A magazine published by the Liberty County (Georgia) Chamber of Commerce recently carried a story, “Standing the Test of Time,” featuring the love of Bill and Betty Grugin. They were married just short of 60 years.

The interesting part of the story for people in this area is that Betty was the first society editor of the Kentucky New Era. She was the daughter of Loise and Gretchen Hale. She was a graduate of Hopkinsville High School and the old Bethel College, where she first got an interest in art.

One day, on an assignment for the New Era, she was sent to Fort Campbell, where she first met a blond, blue-eyed West Pointer, who had just been sent to the Army post.

The story in the Liberty County magazine pointed out that the officer, Bill Grugin, immediately noticed Betty. He said, “She had on an orange dress, with one of those overlay things you ladies like.”

Bill asked if he could take Betty home. She said, “No. I have my own brand-new car, thank you.”

He asked friends for advice, and he pursued Betty with phone calls and letters.

Among her family, Betty had a brother, who is now deceased, and a sister, Cordonna, who is still living. She is known now as Cordonna Rust.

Cordonna, who was only 13 at the time, told me how roses and sometimes candy would appear on her family’s porch.

Bill finally got a date with Betty. Sometime later they were at a football game at Kentucky, and on a whim, he said, “Let’s get married.” She had a full military wedding at the old Ninth Street Christian Church.

They left for a short honeymoon in teepee before he was deployed the following week to Korea, leaving Betty to stay home with his family.

I have an idea that the teepees were part of an attraction that catered to tourists before the interstates passed them by in central Kentucky.

Betty never lived in Hopkinsville from that time on. Later, she was sole owner of the Happy Palette in Sunbury, Georgia, and co-owner of the Loaded Brush Studio & Gallery in City Market at Savannah, Georgia.

The couple took more than 30 cruises during their marriage. They were always on the go meeting new people, making friends and living life to the fullest.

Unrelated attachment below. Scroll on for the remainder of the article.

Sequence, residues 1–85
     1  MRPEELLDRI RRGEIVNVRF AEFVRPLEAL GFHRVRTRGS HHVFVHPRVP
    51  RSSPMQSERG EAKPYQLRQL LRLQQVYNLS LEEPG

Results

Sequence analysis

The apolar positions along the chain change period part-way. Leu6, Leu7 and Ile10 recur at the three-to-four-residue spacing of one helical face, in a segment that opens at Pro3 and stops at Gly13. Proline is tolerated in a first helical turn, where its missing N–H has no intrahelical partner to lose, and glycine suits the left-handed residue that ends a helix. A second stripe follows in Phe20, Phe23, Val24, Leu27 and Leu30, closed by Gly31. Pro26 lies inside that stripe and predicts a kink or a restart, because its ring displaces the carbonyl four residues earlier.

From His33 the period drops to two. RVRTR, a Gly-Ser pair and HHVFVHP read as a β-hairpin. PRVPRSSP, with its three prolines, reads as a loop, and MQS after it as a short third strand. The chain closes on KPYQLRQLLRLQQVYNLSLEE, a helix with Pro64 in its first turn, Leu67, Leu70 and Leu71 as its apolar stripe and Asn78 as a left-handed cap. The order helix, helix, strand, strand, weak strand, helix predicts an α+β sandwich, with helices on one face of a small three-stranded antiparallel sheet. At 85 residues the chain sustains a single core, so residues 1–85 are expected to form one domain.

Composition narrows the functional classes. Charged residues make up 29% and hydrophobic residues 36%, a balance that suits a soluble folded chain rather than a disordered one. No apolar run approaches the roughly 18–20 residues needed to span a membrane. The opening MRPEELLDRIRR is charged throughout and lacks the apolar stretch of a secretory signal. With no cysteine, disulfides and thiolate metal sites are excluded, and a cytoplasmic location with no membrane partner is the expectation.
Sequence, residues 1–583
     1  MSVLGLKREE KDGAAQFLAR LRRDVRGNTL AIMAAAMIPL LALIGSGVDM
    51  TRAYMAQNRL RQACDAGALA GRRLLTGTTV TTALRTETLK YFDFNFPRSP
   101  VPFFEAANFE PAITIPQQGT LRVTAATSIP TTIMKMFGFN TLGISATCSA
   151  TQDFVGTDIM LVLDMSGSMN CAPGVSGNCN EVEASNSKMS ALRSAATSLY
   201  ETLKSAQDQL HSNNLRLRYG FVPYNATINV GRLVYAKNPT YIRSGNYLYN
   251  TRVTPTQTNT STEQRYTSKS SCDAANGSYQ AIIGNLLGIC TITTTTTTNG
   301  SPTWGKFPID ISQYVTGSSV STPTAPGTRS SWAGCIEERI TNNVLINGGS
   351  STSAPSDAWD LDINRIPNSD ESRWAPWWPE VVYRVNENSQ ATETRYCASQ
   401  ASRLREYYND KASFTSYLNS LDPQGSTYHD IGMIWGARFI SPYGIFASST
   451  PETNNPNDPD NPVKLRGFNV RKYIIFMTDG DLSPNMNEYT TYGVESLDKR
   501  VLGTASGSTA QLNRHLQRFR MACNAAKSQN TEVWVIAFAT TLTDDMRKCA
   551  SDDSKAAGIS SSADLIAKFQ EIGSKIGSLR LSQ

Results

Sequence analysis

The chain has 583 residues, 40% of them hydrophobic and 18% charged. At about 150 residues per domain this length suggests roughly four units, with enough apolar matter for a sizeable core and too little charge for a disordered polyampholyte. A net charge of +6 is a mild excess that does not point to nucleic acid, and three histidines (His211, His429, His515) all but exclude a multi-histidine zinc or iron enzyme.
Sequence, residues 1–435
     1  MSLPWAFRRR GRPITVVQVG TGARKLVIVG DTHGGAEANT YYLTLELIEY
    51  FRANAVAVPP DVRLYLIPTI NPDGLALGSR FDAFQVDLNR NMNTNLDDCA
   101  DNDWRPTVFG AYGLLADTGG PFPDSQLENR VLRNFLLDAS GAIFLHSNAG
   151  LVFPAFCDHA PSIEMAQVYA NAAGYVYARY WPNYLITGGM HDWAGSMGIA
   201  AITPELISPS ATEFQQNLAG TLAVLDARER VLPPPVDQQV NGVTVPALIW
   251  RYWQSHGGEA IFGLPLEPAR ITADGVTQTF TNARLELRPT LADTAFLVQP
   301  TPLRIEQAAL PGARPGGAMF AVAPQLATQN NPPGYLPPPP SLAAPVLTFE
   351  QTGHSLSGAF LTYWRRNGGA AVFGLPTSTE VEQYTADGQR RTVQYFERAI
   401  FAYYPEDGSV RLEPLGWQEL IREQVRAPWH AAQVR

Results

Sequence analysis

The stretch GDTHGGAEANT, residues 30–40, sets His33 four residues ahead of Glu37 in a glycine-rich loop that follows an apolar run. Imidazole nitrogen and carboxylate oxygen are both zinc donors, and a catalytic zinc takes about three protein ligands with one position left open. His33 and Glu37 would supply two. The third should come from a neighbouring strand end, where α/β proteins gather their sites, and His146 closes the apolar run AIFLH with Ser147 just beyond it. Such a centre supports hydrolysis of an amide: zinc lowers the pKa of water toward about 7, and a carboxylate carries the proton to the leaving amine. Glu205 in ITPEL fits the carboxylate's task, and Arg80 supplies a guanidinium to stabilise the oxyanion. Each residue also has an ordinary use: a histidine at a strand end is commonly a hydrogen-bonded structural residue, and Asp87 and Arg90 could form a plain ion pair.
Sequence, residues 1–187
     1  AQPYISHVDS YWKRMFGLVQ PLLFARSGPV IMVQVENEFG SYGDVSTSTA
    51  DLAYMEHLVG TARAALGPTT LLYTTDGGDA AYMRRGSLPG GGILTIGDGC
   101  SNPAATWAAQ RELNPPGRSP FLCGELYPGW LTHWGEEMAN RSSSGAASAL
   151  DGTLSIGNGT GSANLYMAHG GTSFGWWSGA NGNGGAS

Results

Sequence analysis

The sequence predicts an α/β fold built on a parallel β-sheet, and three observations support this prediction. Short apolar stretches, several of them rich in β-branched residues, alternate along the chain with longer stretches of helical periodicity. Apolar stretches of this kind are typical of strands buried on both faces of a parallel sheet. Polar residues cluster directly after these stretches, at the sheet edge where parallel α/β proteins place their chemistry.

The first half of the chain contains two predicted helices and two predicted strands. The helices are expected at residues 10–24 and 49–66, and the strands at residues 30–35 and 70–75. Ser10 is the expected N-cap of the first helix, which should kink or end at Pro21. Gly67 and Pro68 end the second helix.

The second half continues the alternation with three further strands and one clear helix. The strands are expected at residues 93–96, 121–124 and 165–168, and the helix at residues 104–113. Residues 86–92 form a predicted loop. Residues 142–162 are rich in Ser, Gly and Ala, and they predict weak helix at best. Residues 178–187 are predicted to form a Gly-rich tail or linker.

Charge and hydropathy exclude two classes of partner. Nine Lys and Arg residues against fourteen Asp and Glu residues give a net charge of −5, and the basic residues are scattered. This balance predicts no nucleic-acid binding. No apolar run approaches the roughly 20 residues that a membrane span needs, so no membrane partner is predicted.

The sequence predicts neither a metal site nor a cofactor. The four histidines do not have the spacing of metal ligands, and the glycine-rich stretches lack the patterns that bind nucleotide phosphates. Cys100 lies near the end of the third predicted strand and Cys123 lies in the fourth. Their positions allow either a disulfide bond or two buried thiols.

She traveled around the world with her husband and didn’t really begin painting until the 1970s. She was inspired by the natural beauty of the waterways, marshes and woods of the Georgia countryside.

She became an internationally known watercolor artist. She had more than 30 one-woman shows, including one aboard the Cunard Countess cruise ship.

“Her paintings hang in numerous private and corporate collections and several have been selected for private museum collections,” the magazine story notes.

Their love has continued, although Betty passed away in 2011. They had two girls, Kimberly and Robin. Kimberly has also passed away.

Bill and Betty’s home in Sunbury is exactly as it was when she was living. And the story describes how a person can still see the joy in Bill’s face when he speaks of “his Betty.”

He retired from the Army as a colonel in 1981. His last military assignment was to Headquarters of the 24th Division.

Betty’s art still fills the home, and Bill sees to it that there are always fresh flowers in the house. If there is nothing seasonal in their garden, he goes out and buys them.

There is a Gandhi quote in the story, “Where there is love, there is life.” The true love of this couple remains.

As local historian William Turner often says, every story has a Hopkinsville connection.

Mary D. Ferguson is a New Era columnist. The paper’s opinion editor, Jennifer P. Brown, transcribed this column for her.

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